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A Tree or a Green Thing?

One of my favorite things in all the world is trees. Specifically, the tops of trees where they brush the sky. That’s why I silently rage when our city electric service sends crews around to cut back tree limbs that have stretched out too close to the electric lines. I have a gorgeous tulip poplar that has grown too close to the lines and has to be trimmed back every few years. Actually, “trimmed” is not really the word for what they do. “Hacked” is more accurate. Over half of the street-side of the tree gets cut bare of limbs, and this year the workers cut branches off the sides as well. I understand that this is done to prevent branches from falling onto the lines and cutting off electricity for our neighborhood during storms, so I say nothing and try not to look at the damage our tree is taking. Still . . . it seems like too much.

Anyway, the electric-service crew came by and hacked away at the poplar this past week. Then today we met with an arborist about trimming – gently – the rest of our trees. It was obvious that the arborist loved trees just by the way he talked about them, the way he described going into the branches and cutting away just enough to keep the tree healthy.

“The tree which moves some to tears of joy is in the eyes of others only a green thing that stands in the way,” said William Blake.

Maybe one reason I love trees is that I grew up in West Texas, where trees are few and far between. In our new subdivision, there were none at all until my family planted mulberries and ash trees, which did not gain their full height until after I had moved away.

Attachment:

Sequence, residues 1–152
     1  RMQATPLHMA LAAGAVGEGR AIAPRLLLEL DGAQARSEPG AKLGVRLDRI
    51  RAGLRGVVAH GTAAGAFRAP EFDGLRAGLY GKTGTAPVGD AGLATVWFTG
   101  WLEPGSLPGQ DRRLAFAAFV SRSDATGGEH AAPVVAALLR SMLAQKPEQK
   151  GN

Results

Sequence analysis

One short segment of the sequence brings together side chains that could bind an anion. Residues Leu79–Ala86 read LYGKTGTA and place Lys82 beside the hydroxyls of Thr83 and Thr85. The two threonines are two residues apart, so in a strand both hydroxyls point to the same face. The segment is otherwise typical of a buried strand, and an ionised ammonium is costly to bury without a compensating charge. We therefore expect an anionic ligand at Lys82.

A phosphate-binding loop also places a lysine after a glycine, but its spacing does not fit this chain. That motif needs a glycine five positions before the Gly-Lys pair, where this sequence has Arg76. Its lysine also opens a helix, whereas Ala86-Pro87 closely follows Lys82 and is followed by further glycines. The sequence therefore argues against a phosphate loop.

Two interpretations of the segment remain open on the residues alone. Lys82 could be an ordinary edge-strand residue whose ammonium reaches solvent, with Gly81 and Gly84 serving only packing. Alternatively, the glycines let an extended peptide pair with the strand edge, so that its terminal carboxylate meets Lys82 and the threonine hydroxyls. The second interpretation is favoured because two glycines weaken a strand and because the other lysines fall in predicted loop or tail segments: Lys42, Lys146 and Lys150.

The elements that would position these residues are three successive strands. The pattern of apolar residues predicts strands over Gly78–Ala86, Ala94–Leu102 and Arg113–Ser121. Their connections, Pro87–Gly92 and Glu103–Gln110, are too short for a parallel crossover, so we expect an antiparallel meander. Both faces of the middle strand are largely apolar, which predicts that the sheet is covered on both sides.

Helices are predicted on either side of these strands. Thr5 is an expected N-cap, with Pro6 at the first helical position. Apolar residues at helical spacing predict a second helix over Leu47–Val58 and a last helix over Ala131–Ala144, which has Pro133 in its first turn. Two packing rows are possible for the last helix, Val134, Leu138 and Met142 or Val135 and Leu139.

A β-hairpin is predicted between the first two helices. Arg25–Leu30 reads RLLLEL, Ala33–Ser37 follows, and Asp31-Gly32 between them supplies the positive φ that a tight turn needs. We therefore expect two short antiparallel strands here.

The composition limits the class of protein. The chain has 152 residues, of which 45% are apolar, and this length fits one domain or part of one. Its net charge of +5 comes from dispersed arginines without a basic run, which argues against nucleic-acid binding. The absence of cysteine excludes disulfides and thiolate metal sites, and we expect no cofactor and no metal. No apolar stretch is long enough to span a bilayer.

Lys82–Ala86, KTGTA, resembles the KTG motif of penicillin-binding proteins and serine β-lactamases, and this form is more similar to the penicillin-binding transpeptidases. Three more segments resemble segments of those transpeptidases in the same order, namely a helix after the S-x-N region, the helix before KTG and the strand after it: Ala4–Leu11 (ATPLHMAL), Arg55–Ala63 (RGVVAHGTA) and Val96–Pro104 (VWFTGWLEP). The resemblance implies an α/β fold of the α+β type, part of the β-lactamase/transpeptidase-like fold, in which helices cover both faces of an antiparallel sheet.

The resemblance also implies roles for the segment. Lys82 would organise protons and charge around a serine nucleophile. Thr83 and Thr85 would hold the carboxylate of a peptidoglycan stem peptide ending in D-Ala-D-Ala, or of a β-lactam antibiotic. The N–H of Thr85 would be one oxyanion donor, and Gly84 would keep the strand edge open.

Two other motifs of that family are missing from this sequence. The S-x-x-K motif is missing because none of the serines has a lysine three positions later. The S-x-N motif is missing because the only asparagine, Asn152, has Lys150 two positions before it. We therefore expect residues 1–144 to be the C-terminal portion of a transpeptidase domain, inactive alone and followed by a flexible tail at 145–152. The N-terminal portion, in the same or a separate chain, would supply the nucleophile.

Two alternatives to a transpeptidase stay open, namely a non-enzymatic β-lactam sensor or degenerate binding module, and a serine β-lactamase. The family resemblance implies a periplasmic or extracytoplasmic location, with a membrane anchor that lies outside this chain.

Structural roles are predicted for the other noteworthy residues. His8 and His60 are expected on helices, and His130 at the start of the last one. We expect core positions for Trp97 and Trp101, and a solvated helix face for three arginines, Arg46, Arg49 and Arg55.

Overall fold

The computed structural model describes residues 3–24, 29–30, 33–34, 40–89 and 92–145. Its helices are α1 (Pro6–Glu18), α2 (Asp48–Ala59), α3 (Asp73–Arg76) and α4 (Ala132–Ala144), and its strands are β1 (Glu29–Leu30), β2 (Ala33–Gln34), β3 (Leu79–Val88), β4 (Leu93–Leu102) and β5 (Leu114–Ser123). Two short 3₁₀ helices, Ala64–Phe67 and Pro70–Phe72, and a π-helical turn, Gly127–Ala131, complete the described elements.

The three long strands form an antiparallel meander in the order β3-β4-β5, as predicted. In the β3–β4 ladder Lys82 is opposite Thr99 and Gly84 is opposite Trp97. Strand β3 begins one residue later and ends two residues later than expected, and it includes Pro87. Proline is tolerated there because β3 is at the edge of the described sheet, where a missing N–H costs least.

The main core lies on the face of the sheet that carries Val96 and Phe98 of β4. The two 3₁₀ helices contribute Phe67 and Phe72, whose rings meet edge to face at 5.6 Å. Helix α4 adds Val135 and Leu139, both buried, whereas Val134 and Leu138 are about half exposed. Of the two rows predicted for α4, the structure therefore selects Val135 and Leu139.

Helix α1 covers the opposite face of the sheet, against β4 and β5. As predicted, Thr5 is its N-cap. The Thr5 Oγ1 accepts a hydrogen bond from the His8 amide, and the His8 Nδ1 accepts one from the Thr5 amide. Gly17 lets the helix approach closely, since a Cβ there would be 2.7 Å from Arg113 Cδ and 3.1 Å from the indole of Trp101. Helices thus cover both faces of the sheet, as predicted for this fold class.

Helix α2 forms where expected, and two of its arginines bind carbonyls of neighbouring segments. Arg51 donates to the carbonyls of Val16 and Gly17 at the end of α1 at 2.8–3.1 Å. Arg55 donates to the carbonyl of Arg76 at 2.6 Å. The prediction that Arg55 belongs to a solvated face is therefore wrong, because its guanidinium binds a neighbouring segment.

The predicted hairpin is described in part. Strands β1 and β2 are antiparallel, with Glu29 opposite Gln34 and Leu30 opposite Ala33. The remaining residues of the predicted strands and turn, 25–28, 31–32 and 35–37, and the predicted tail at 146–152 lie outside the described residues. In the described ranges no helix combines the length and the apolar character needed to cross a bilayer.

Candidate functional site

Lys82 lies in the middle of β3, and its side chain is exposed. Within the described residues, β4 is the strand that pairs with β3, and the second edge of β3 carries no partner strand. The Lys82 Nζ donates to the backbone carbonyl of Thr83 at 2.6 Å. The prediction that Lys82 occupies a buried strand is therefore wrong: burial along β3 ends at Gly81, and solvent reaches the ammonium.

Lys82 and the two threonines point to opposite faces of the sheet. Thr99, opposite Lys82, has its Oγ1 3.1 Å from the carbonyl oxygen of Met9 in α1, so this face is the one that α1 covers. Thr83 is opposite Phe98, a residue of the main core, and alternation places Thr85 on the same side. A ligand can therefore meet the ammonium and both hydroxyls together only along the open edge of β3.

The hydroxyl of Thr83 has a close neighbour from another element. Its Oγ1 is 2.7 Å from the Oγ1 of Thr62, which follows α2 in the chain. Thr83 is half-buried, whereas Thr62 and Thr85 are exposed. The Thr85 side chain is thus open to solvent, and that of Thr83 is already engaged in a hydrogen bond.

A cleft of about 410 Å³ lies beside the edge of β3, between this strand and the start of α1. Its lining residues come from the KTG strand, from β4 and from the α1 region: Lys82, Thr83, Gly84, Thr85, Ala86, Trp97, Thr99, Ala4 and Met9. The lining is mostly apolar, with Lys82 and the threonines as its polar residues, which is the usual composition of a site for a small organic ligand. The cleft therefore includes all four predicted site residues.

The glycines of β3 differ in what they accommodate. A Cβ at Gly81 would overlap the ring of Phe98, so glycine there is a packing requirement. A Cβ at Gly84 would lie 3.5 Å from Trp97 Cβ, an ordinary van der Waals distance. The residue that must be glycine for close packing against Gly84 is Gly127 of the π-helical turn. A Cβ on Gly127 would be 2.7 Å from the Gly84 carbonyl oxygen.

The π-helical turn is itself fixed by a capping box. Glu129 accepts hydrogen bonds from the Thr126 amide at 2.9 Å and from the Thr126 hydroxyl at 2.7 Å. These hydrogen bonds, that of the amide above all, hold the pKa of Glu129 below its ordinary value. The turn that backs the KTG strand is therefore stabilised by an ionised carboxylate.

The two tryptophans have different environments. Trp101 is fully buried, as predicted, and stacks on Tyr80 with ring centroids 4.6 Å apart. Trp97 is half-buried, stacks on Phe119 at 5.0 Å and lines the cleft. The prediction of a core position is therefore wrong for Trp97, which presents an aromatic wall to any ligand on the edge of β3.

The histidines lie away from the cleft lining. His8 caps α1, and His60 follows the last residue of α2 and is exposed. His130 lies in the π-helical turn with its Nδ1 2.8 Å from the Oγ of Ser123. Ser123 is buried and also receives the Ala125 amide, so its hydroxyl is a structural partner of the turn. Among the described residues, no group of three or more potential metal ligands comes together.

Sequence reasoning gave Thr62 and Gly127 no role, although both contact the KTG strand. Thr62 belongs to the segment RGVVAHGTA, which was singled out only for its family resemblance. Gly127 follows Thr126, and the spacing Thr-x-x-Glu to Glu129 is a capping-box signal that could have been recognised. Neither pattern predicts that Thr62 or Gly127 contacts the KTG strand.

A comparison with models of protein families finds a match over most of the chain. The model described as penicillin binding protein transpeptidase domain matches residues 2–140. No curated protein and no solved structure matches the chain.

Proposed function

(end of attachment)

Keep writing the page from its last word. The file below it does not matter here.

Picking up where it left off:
I do remember climbing a tree in my grandmother’s front yard. It was a locust with jagged limbs and dry, crackly bean pods. As trees go, it was short. Which was why I could climb it. I would perch in a crook where a branch joined the trunk and survey the flat field of grass across the street as if I were a lookout on a ship and the grass, waving in the wind, was the ocean. It felt like a private and privileged place to be.

I had another encounter with a tree this week – or part of a tree. I introduced my grandson to a footstool that my Granny – his great-great-grandmother – made out of a tree stump. I have no idea where the stump came from, but I wish I knew. I wish I had thought to ask her.

Trees hold stories. The tulip poplar in my yard was just a twig when my oldest son brought it home from school on Arbor Day. We stuck it in the ground not expecting it to grow. The dogwood in our front yard was planted by former owners of our house in memory of a grandmother. The hackberry in our backyard held a treehouse so long that the floor of the treehouse buckled as the tree trunk expanded. Even my Granny’s stump footstool could tell a few stories, I’m sure, if it could talk. I hope it will be around long after I’m gone and my grandson has given it to his grandchildren.

In 1658, Sir Thomas Browne, an English author, wrote, “Generations pass while some trees stand, and old families last not three oaks.” Imagine tracing your family back across the lifespan of three oak trees. According to Garden Guides, the average life of an oak ranges from 100 to 300 years. That’s a long time, time enough for someone to decide it’s just a green thing that’s standing in the way.

But I’ll take my cue from the poplar planted one Arbor Day long ago. It was so small when it was first planted that it got mowed over. Since then it’s been windblown hacked, but still it stands, making the most beautiful tulip-shaped blooms in the spring. There’s a lesson there for those who are open to it.

“You will find something more in woods than in books.

Trees and stones will teach you that which you can never learn from masters.”

St. Bernard of Clairvaux

Wishing you shade, shelter, and the beauty of trees this week!

 

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Text and photos © 2018 Karyn Henley. All rights reserved.

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